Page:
Nothing strikes the genealogist of to-day so forcibly as the vast amount of wasted power which has been expended over the subject. This wastage has militated not only against the completion of the particular subject in hand, but against the practice of genealogy as a whole, and has brought that useful art at times into perilous disrepute. I believe that the curse which has affected much of our genealogical inquiry has been the desire for definitiveness. Investigator has followed investigator, travelling precisely the same road; but, unlike most travellers, he has too often failed to vouchsafe to posterity the results of his observations. Had he been content to print, or at any rate to leave in a form that could be manipulated by others, the result of his work, genealogy would to-day stand on a far better basis than it does. But each worker insists on starting on the main line himself, and working downwards through its cadets. The consequence has been that while we may have several books printed on the main line, the cadets are rarely dealt with.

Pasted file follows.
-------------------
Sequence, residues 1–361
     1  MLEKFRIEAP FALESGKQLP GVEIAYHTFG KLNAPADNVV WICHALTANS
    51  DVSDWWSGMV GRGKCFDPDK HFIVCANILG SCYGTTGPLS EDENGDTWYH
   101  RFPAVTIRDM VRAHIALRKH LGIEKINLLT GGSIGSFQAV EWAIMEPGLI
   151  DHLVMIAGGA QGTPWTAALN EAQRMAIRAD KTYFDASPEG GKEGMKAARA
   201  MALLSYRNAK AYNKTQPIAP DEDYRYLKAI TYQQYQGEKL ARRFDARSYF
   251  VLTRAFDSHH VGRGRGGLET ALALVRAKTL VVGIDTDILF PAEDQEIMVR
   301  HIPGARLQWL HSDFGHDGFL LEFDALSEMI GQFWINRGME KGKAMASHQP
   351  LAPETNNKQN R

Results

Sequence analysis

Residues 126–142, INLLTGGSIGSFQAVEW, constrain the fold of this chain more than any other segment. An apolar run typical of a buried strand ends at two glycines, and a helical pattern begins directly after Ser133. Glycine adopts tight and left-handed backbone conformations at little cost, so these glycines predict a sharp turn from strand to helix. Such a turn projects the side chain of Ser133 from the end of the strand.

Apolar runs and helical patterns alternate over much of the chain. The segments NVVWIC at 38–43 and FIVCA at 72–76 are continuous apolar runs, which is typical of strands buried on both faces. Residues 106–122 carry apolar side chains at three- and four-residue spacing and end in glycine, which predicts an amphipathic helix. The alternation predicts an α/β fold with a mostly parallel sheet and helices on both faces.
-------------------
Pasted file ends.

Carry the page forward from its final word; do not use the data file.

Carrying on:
The history of the house of Gordon is a striking case in point. The whole effort of the genealogist, in something like 150 years, has gone to elucidate the history of the ducal line, and, as the activities of that line were practically identical with much of the nation’s history, the general result has been extremely disappointing. It has led, for example, to there being practically no book whatever dealing with the numerous branches of the family who were content to remain on the Borders, while the more important cadets in the North have remained without a historian at all. I have come across great collections of material, painfully got together, which are practicably unworkable, except by the original collector. The same books have been ransacked, the same sasines copied; indeed the whole sources of information have been utilised by the different workers over and over again, with but small result.

    The Antiquarian Clubs have been working assiduously for 80 years (the Bannatyne was founded in 1823); and the raw material has gone on multiplying persistently in every sort of form. Quarry after quarry has been opened up, and yet, so far as genealogy is concerned, little has been done to make use of the buried material. Even the genealogies which Sir William Fraser gave us were really quarries in themselves, illustrating in most cases the main lines of a family as told in its charter chest, with but little attempt to elucidate the history of the smaller branches.